What Mr. Trump Said

“We used to have what was called Election Day. Now we have election days, weeks and months, and lots of bad things happened during this ridiculous period of time.”
— In a Dec. 2 speech at the White House

False. The 2020 election was certainly not the first presidential election where results were not immediately ascertained. The first federal elections were held in 1788, but there was no single day until Congress passed a law in 1845 that set aside the Tuesday after the first Monday of November for elections. Slow vote counting and limits in communication then meant that days, weeks or even months passed before voters learned who had won in several elections in the 19th century. In the modern day, close elections dragged out to the next morning in 1960 and 1976. And famously, it took more than a month for the 2000 election to be resolved, when the Supreme Court ended a recount in Florida that December and effectively handed the presidency to George W. Bush.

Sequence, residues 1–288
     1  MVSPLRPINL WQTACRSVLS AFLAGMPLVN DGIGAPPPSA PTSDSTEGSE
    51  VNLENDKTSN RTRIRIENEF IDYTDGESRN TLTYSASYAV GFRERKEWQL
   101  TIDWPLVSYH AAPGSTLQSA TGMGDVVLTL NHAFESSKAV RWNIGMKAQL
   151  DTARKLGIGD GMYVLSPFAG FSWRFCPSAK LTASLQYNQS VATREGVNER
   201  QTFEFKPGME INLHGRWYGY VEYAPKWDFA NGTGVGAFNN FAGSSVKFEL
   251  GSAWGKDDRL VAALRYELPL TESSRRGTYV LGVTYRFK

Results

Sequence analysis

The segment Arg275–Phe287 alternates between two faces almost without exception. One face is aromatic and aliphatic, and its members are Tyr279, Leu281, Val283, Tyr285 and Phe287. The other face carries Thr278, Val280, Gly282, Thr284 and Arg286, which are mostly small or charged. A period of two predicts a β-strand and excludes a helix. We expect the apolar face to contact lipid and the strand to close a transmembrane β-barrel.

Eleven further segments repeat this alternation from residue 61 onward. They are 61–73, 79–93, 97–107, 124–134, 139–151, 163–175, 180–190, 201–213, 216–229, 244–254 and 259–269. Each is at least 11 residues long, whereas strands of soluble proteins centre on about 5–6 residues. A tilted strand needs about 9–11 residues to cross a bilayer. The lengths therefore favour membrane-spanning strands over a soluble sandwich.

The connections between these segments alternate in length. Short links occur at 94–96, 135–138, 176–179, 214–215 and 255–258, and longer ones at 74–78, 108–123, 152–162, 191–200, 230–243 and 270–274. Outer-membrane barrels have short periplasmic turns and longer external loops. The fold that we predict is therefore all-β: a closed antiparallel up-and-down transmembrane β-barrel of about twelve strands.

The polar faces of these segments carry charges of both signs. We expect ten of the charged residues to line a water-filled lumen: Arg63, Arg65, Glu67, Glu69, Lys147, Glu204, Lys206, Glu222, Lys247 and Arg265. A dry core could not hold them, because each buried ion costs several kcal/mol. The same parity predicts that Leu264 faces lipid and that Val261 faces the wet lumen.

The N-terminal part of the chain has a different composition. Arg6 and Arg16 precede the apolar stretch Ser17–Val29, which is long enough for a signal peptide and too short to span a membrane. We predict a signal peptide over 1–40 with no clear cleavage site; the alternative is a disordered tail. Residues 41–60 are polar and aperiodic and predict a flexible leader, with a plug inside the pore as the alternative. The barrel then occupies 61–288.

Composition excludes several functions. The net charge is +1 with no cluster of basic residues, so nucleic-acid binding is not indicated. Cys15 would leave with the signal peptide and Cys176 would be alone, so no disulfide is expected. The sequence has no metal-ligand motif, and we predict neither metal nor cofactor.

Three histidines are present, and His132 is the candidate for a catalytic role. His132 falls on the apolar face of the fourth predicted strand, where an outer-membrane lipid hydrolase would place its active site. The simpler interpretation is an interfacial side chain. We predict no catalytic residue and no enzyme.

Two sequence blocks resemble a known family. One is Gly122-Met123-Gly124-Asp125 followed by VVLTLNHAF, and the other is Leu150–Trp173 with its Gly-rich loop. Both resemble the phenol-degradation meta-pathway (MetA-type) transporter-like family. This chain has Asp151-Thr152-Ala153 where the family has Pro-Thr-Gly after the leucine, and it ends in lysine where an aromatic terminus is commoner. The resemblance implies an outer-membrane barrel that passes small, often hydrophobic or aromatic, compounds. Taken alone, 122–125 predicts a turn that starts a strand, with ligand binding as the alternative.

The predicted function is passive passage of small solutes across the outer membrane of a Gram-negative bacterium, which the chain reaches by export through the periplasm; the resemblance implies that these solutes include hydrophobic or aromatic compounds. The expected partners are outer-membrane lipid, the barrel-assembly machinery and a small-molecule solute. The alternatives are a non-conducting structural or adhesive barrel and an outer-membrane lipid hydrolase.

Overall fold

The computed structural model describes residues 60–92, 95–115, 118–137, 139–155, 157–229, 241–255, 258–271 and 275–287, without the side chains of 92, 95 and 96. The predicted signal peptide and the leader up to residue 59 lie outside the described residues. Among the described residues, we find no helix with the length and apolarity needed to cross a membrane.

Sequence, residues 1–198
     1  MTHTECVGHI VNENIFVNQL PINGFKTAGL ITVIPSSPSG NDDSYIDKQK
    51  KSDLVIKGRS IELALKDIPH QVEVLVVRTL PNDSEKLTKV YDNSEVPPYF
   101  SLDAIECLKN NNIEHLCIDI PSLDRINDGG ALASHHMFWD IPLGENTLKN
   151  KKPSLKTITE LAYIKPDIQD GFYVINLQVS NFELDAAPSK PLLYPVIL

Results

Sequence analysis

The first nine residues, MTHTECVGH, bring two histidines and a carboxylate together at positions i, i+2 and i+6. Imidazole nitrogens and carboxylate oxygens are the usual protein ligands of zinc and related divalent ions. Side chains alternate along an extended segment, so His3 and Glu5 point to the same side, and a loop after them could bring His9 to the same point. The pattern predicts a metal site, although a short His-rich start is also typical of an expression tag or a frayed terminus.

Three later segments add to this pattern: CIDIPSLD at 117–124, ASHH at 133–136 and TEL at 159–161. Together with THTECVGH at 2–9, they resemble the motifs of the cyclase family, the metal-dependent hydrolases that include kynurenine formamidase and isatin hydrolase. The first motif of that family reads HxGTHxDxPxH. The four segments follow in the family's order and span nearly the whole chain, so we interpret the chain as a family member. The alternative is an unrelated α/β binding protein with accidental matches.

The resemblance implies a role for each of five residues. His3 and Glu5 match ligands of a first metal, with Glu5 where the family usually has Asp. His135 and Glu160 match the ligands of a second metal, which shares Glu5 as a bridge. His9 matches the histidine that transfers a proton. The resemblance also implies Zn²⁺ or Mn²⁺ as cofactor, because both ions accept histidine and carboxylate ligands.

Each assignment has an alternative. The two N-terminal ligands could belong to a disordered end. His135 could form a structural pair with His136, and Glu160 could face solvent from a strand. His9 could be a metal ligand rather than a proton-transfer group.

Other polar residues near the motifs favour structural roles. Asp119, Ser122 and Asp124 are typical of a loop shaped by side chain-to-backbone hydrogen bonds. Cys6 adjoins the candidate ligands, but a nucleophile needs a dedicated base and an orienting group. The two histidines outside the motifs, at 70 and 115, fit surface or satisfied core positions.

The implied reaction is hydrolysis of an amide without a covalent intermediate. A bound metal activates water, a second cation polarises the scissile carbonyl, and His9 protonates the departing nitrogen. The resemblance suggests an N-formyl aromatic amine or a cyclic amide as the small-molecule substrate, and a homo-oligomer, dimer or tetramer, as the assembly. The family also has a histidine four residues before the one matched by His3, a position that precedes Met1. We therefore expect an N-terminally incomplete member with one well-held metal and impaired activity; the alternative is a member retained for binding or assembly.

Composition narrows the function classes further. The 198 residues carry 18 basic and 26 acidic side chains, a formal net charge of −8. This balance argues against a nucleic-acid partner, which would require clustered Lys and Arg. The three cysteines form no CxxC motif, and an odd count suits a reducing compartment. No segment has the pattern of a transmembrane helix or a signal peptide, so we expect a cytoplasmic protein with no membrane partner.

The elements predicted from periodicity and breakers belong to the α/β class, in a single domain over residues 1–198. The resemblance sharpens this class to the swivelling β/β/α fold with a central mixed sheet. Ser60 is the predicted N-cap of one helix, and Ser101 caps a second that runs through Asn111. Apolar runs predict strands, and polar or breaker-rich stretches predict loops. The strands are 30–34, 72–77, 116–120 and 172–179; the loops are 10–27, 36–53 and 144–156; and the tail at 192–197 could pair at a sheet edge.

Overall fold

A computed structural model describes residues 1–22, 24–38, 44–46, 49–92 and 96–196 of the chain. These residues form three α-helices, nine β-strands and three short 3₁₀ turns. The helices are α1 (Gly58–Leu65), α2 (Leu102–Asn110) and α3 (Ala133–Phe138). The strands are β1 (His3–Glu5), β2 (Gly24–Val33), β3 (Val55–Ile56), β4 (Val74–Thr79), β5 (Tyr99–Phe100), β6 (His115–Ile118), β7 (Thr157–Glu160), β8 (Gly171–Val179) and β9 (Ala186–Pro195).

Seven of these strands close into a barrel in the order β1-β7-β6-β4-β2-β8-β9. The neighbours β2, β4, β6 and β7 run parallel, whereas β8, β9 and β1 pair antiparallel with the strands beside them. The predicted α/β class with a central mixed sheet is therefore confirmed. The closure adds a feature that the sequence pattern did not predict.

False claims about barred observers and lack of verification

What Mr. Trump Said

“The OBSERVERS were not allowed, in any way, shape, or form, to do their job and therefore, votes accepted during this period must be determined to be ILLEGAL VOTES.”
— On Twitter on Nov. 6

False. Mr. Trump has complained about poll observers being denied access to watch ballot counting in key states. His own legal filings acknowledged the presence of Republican observers in Nevada, Pennsylvania, Georgia and Arizona, and there were at least 134 Republican poll challengers present inside TCF Center in Detroit, a convention center where votes were counted.

A lawyer for Mr. Trump acknowledged that there were “a nonzero number” of campaign observers allowed in the counting room in Philadelphia. In Michigan, the campaign relied on affidavits from election observers who claimed they witnessed fraud.

Observers watching the voting process in Las Vegas on Election Day 2020.Credit…Bridget Bennett for The New York Times

What Mr. Trump Said

“The Fake recount going on in Georgia means nothing because they are not allowing signatures to be looked at and verified. Break the unconstitutional Consent Decree!”